|Northern Cricket Frog|
|Northern Cricket Frog, Acris crepitans|
Acris crepitans blanchardi
The Northern Cricket Frog (Acris crepitans) is a species of small Hylid frogs. They are native to the United States and northeastern Mexico. Northern cricket frogs are small frogs, between 0.75 and 1.5 inches (19–38 mm) long. They eat crickets and small insects. They usually reproduce in April through May. Tadpoles hatch within a few days.
The northern cricket frog is one of North America's two smallest vertebrates, ranging from 19–38 mm (0.75–1.50 in) long.
Its dorsal coloration varies widely, and includes greys, greens, and browns, often in irregular blotching patterns.
The southern cricket frog has longer legs, with less webbing on the hind feet, and a more pointed snout; northern cricket frogs have been observed with snouts indistinguishable from those of the southern species.
The line on the back of its thigh is typically more sharply defined than that of the northern cricket frog. Biologists have recorded northern cricket frogs in the northern fringes of their range with extremely sharp posterior leg stripes.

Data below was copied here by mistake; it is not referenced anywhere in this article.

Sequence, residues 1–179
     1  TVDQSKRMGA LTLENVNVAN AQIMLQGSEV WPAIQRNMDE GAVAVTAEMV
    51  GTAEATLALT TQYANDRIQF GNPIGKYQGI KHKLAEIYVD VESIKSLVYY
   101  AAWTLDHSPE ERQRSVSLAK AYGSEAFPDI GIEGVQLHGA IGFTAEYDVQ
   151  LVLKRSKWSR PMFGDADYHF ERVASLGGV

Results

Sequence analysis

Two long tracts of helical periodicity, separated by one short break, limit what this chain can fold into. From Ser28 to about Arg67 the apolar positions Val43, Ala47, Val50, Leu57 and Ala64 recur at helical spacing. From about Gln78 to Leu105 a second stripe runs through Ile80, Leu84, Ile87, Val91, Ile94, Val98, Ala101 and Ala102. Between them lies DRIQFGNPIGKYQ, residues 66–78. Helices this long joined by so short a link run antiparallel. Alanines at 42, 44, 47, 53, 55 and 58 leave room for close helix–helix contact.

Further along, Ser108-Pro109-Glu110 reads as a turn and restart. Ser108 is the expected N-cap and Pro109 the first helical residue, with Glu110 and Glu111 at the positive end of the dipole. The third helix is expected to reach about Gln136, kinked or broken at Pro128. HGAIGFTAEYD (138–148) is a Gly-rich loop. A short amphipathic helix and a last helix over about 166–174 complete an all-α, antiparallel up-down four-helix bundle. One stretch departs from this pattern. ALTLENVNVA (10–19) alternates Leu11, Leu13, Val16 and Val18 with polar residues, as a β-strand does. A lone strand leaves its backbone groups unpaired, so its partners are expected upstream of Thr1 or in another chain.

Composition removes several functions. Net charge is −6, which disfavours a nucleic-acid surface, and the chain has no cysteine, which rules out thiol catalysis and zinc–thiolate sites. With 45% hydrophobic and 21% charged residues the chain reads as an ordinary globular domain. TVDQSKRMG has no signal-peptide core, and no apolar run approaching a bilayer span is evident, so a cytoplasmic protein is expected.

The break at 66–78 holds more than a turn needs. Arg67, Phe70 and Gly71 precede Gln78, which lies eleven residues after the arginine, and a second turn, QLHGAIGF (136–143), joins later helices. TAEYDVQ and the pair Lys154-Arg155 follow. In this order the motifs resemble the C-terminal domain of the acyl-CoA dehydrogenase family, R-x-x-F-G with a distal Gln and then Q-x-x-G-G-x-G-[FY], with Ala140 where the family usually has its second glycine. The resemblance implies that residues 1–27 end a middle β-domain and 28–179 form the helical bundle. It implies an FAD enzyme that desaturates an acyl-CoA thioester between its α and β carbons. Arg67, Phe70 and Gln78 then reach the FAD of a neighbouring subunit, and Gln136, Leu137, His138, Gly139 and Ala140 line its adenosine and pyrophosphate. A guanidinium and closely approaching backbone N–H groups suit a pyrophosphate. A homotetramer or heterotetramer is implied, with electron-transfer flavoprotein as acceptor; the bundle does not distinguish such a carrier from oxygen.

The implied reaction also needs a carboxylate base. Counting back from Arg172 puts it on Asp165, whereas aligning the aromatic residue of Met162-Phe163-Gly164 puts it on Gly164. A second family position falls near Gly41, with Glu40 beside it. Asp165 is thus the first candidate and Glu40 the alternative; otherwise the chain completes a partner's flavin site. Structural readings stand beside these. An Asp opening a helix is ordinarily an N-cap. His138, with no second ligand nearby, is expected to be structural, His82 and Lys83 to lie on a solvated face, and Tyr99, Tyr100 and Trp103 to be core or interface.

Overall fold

Behavior and diet
Northern cricket frogs are diurnal and generally active much of the year, except in midwinter in northern areas when the water is frozen. Their primary diet is small (13 to 38 mm (0.5 to 1.5 in) long) insects, including mosquitos. They are, in turn, preyed upon by a number of species, including birds, fish, and other frogs. To escape predators, they are capable of leaping up to 3 feet in a single jump and are excellent swimmers.
Breeding generally occurs from May through July. The males call from emergent vegetation with a high-pitched, short, pebble-like call which is repeated at an increasing rate. The sound suggests pebbles being clicked together, much like a cricket, hence the name. One egg is laid at a time, generally attached to a piece of vegetation. The 14 millimetres (0.55 in) tadpoles hatch in only a few days, and undergo metamorphosis in early fall. Maturity is usually reached in less than a year.
Cricket frogs prefer the edges of slow-moving, permanent bodies of water. Large groups of them can often be found together along the muddy banks of shallow streams, especially during premigratory clustering. The northern cricket frog has been observed to hibernate upland, often at considerable distances from water.
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